Overnight, everything changed. 

When we think of World War 2 and the horror Jewish families faced, we often think of places like Warsaw and Berlin. Locations where tensions, racist rhetoric, and violence had been on the rise for years as the Nazis rose in prominence and power. The horror of a slow and steady escalation of hate until, like the frog that suddenly realizes the pot of water it’s in is boiling, you’ve past the point of no return without even noticing it. But that wasn’t the case for every community. For families like the Lazebnik’s, they were certainly aware of what was going on in the world and rightfully concerned about it, it seemed a long way away – right up until the jackboot was at their door. 

For absolutely nothing but the crime of being Jewish, the Lazbinik’s peaceful family life was destroyed. Her older brothers were sent to slave-labor camps (a certain death sentence), the rest were herded into a ghetto where they were abused and kept in a state of constant terror. In 1942, the Nazis decided they had wrung everything they wanted from the ghetto’s inhabitants and "liquidated” them.

Only 26 Jews out of the entire Lenin ghetto population were spared. The remaining 1,850 Jewish men, women, and children were murdered by the Nazis. They were shot and unceremoniously thrown into in mass graves, treated like human refuse. 
We know this because Faye was one of the only survivors of the massacre. She was sparred because the Nazis thought her photography skill could be useful and put her to work for their record keeping efforts. To her horror, she was forced to develop film of her own family lying dead in a trench. 
I don’t think most people could survive something like that. The heartbreak and the horror must have been overwhelming. In less than a year, Faye went from doting on her little brothers and running the family shop, to working at gunpoint for the butchers who killed her family. That’s the kind of trauma that breaks people, that destroys them inside.

But Faye wasn’t about to let the Nazis have another victory. Somehow, she had the presence of mind to make copies of the film the Nazis gave her, to hide it away as documented proof of their crimes. The entire time she was kept under the Nazi’s thumb, Faye thought of only one thing – escape. She had to tell her story, she had to make sure the world knew the Nazis murdered her family.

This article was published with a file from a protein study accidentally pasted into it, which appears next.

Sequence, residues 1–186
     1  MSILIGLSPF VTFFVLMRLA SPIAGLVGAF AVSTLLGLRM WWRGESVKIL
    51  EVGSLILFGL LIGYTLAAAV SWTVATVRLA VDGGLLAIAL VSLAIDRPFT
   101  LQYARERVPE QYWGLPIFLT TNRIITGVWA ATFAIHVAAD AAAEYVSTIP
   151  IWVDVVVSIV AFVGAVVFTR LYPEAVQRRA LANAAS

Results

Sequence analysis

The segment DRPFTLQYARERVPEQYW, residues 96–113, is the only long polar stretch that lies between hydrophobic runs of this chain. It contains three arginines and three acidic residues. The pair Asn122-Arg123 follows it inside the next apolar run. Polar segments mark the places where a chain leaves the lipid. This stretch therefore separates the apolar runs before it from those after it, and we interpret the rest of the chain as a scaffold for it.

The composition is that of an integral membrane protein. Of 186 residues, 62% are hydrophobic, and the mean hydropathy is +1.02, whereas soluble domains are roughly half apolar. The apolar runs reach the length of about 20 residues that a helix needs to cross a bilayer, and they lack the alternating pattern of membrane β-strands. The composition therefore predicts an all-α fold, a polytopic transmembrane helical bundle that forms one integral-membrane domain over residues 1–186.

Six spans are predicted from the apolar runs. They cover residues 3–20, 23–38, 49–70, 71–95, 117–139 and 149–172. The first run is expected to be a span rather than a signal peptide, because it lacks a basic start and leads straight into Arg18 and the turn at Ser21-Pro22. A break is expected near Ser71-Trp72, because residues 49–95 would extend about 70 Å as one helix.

Miraculously, she would get her chance. A partisan raid on the town provided just the distraction and confusion she needed. Faye slipped her captors, gathered all the film copies and whatever supplies she could carry, and made off for the woods. But she wasn’t done. No, Faye was committed to fighting back. She joined the Molotova partisan brigade and in doing so became the eyes and voice of the resistance effort. 
Find out more in part 2 later this week!

[Comment]

Try these delicious Israeli treats!By: C4i

Israel has a truly unique food culture, one that has been shaped by geography and history. As a desert nation, Israel has an entirely different agricultural profile compared to what we’re used to in North America. Israeli cuisine makes far more use of staples like olives, olive oil, chickpeas, and yogurt than we do in the west. But that’s just part of the puzzle. What really makes Israeli cuisine so interesting is how many different parts of the world it draws from! As Jews living all over the globe return to Israel to live in the Holy Land, they bring parts of those cultures with them. A typical Israeli pantry looks like a meeting of the UN with spices from North Africa and South America sitting next to products from Europe which will be combined to make a Mediterranean dish! Combine all of that with Israel’s lively street life and the popularity of small food stalls and gimmick restaurants and you have no end of interesting treats to sample!

Best of all, you can try many of these favorites at home. Put a little international zing in your kitchen by trying some of these popular Israeli dishes!